(StatePoint) Childhood is a time of dreams and possibilities, so it's important parents encourage their children's innate talents to help them develop and build self esteem, say experts.
Whatever your child is good at -- music, art, writing, sports, science -- fostering that talent can make a big difference. And who knows, you may have the next Mozart, Shakespeare or Picasso on your hands!
"I truly believe everyone has an incredible story to tell," says Taylor Joseph, the 16-year-old author of the new teen mystery, "Allison Investigates," which is her second published novel. "I was eight when I first began writing. When I was 13, my dad encouraged me to pursue an idea I had for a book. I spent the next year researching and writing, and then he helped me send it to an editor and get it published."
Taylor's debut novel last year at age 15, "The Crossing," tackled illegal immigration. Her new novel, "Allison Investigates," is about how four friends, each 15, seek to use their sleuthing skills to investigate a rash of auto thefts that involves the unique skateboarding subculture. The teens learn about teamwork, courage, and pursuing their passion.
Now, thanks to her father's help, Taylor's two novels are available in bookstores like Barnes & Noble and Amazon, she has her own blog at www.taylorsjoseph.com, and has promoted her books with a 15-state tour, doing book signings, speaking at schools, holding library readings and presenting at fairs.
Fostering a child's talent, as did Taylor's father, is about providing the tools to succeed, along with an upbeat, nurturing environment:
* Locate Strengths: Observe your child to locate talent. Being interested in something is not necessarily enough. Let kids sample everything, but it can be cruel to encourage a child to pursue dreams in which only failure lies ahead. Gently persuade your child to build on best abilities.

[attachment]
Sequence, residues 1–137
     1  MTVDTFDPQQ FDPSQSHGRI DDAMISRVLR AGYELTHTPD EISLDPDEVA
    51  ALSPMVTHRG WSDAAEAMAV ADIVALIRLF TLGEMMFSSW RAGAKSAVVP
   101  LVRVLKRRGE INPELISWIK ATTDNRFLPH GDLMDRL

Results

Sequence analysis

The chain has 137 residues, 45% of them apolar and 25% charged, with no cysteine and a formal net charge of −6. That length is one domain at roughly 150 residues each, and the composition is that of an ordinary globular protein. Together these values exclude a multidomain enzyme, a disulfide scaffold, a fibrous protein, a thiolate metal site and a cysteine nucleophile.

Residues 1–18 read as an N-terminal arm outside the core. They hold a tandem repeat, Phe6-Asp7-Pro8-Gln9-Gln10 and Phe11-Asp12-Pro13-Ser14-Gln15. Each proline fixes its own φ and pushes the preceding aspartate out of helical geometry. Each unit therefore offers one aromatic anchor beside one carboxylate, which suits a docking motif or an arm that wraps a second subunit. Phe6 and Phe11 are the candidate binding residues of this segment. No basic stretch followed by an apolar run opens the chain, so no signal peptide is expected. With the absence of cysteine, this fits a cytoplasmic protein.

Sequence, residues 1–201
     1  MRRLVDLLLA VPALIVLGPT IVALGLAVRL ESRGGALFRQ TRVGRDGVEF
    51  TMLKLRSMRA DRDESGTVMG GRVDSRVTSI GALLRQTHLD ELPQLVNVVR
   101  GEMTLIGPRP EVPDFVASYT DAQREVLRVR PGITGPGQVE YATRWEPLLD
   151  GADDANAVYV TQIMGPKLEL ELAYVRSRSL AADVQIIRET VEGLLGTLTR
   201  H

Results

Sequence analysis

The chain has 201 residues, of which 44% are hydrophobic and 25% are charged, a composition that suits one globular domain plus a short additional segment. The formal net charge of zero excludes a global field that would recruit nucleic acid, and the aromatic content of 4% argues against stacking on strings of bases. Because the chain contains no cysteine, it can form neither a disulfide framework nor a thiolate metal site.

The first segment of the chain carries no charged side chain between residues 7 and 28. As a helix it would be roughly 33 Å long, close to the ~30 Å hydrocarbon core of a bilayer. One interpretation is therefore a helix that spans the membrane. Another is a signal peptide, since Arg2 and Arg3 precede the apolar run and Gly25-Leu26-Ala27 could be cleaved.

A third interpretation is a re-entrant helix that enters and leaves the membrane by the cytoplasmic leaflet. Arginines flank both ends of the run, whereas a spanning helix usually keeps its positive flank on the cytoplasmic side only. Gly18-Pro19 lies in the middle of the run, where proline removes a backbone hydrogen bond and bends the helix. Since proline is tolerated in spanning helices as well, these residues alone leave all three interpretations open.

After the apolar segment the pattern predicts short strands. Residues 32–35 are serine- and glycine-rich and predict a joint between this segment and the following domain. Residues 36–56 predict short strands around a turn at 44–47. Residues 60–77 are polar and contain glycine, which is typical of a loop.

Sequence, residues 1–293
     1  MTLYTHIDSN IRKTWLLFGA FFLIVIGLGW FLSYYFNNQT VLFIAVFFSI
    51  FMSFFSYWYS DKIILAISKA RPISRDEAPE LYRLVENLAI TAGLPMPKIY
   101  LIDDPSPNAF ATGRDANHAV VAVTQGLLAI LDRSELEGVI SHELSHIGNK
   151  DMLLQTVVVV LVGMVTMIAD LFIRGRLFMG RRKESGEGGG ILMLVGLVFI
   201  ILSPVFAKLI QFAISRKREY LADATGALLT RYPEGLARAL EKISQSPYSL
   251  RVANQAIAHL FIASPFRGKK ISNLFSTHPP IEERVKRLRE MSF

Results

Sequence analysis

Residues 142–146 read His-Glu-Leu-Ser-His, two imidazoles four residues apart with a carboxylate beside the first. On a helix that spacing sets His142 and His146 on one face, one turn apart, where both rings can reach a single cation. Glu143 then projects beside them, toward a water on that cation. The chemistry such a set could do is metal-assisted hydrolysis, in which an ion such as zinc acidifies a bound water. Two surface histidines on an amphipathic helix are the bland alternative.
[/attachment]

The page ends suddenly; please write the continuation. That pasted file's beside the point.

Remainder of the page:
* Provide The Tools: Make sure your child has what it takes, such as art supplies, an instrument, a computer with proper software, or science or sporting equipment.
* Teach But Back Off: Formal instruction can be great, such as piano or art lessons. But creativity needs space, so know when to back off to let them explore. Don't overdo it on rules. Have enough to be safe and to develop, but not so many the activity no longer is fun.
* Set Realistic Goals: Most kids aren't going to churn out the great American novel on the first try. Set goals they can reach and that keep them advancing.
* Criticize Constructively: Praise them for the things they do well and don't be overly critical. Consult their teachers and coaches on how to offer constructive criticism and in which areas they need improvement.
* Don't Live Vicariously: Know the difference between your dream and that of your child's. Make sure you aren't pushing your own desires.
* Make Sure They Socialize: Don't let kids become social hermits, engrossed only in their burgeoning talent and not in their social scene with friends.
For her part, teen author Taylor believes it's important for young people to follow their dreams and assert themselves early-on. By pursuing her passion, she hopes to promote literacy among her peers and interest a new generation in reading.
"My daughter may have published novels, but we work to ensure she's just a regular kid and doesn't spend all her time writing. She enjoys martial arts, soccer, basketball and time with friends and family," stresses Larry Joseph, proud father of Taylor.
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